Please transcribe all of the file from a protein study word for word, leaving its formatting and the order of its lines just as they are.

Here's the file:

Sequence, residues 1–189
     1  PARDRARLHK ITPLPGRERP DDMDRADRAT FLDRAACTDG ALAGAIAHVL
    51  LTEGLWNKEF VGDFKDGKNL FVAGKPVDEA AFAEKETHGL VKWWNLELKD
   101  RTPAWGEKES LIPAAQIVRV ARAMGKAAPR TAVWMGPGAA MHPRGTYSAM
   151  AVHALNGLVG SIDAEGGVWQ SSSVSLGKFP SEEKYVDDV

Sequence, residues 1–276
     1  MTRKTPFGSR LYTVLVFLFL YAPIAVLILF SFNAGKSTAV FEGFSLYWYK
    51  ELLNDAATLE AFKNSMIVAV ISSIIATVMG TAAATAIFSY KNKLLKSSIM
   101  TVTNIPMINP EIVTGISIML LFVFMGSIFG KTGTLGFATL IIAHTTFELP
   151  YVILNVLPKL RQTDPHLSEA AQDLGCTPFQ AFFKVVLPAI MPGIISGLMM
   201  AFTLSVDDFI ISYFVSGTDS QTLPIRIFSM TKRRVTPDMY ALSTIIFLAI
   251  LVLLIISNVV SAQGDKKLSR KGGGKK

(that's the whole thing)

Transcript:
Sequence, residues 1–189
     1  PARDRARLHK ITPLPGRERP DDMDRADRAT FLDRAACTDG ALAGAIAHVL
    51  LTEGLWNKEF VGDFKDGKNL FVAGKPVDEA AFAEKETHGL VKWWNLELKD
   101  RTPAWGEKES LIPAAQIVRV ARAMGKAAPR TAVWMGPGAA MHPRGTYSAM
   151  AVHALNGLVG SIDAEGGVWQ SSSVSLGKFP SEEKYVDDV

Sequence, residues 1–276
     1  MTRKTPFGSR LYTVLVFLFL YAPIAVLILF SFNAGKSTAV FEGFSLYWYK
    51  ELLNDAATLE AFKNSMIVAV ISSIIATVMG TAAATAIFSY KNKLLKSSIM
   101  TVTNIPMINP EIVTGISIML LFVFMGSIFG KTGTLGFATL IIAHTTFELP
   151  YVILNVLPKL RQTDPHLSEA AQDLGCTPFQ AFFKVVLPAI MPGIISGLMM
   201  AFTLSVDDFI ISYFVSGTDS QTLPIRIFSM TKRRVTPDMY ALSTIIFLAI
   251  LVLLIISNVV SAQGDKKLSR KGGGKK